High-Throughput Computing on High-Performance Platforms: A Case Study

D. Oleynik, S. Panitkin, M. Turilli, A. Angius, S. Oral, K. De, A. Klimentov, J. C. Wells and S. Jha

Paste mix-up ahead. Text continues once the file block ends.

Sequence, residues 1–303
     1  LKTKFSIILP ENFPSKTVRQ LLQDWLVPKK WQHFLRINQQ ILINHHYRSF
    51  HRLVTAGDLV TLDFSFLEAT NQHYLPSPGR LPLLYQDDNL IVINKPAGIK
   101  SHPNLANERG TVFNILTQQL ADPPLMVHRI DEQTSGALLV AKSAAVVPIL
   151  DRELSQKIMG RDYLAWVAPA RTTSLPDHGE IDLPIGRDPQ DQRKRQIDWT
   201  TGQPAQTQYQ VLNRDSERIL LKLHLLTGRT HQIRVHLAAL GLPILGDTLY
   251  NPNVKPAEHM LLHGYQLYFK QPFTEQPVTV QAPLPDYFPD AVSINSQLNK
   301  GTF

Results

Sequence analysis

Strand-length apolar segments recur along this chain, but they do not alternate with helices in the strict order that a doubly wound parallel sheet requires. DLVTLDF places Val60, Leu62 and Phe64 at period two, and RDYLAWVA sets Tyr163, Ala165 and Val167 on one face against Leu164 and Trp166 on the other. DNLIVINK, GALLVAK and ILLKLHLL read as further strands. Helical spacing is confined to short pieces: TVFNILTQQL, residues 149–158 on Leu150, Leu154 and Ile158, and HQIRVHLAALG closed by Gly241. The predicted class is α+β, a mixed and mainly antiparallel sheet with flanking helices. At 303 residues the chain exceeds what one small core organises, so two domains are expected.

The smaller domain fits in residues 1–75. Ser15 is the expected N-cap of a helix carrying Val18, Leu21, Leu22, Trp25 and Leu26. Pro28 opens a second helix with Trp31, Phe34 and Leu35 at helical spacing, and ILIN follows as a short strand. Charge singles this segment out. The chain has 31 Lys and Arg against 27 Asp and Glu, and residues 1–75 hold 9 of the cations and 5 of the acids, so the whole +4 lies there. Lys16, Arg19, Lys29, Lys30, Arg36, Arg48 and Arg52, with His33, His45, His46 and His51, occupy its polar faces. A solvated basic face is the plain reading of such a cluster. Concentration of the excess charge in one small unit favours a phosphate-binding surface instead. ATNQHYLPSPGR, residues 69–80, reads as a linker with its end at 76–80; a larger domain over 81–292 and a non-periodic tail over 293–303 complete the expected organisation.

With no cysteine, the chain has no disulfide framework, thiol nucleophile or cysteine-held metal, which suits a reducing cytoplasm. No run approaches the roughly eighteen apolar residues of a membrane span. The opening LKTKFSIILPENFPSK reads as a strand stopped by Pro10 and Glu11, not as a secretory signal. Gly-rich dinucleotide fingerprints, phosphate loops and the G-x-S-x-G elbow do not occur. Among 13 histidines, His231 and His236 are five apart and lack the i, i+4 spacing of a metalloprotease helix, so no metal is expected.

PaperAbstract. The computing systems used by LHC experiments has historically consisted of the federation of hundreds to thousands of distributed resources, ranging from small to mid-size re-source. In spite of the impressive scale of the existing distributed computing solutions, the federation of small to mid-size resources will be insufficient to meet projected future demands. This paper is a case study of how the ATLAS experiment has embraced Titan - a DOE leadership facility in conjunction with traditional distributed high-throughput computing to reach sustained production scales of approximately 52M core-hours a years. The three main contributions of this paper are: (i) a critical evaluation of design and operational considerations to support the sustained, scalable and production usage of Titan; (ii) a preliminary characterization of a next generation executor for PanDA to support new workloads and advanced execution modes; and (iii) early lessons for how current and future experimental and observational systems can be integrated with production supercomputers and other platforms in a general and extensible manner.